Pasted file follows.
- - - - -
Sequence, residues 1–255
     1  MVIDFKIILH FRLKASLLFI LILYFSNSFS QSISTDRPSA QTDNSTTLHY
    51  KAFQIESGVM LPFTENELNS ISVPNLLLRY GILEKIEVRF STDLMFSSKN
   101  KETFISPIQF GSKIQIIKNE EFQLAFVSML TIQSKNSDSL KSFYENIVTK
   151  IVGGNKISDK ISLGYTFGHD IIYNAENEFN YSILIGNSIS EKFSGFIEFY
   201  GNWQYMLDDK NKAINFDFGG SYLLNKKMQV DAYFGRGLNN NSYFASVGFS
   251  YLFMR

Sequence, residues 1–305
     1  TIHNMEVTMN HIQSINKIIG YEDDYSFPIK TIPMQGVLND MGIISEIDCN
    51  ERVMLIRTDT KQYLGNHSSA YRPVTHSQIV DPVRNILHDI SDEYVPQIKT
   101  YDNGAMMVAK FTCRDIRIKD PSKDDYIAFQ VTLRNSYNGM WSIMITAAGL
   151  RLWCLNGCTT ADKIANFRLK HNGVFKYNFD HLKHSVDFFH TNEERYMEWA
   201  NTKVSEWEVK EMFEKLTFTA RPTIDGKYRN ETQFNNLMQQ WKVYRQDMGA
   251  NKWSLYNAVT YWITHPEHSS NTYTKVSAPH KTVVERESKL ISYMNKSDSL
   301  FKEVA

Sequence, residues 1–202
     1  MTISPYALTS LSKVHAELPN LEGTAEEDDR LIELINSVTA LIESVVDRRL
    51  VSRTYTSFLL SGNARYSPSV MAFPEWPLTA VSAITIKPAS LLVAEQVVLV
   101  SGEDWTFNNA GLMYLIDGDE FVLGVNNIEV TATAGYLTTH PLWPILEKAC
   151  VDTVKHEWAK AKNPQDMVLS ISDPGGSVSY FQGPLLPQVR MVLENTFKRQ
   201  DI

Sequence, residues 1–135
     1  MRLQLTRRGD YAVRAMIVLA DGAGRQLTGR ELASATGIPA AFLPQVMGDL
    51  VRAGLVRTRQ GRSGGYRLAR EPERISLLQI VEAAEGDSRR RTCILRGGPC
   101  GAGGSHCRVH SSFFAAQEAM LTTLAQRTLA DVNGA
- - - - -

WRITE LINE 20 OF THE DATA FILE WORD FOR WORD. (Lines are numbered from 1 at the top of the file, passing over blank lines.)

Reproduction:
   151  VDTVKHEWAK AKNPQDMVLS ISDPGGSVSY FQGPLLPQVR MVLENTFKRQ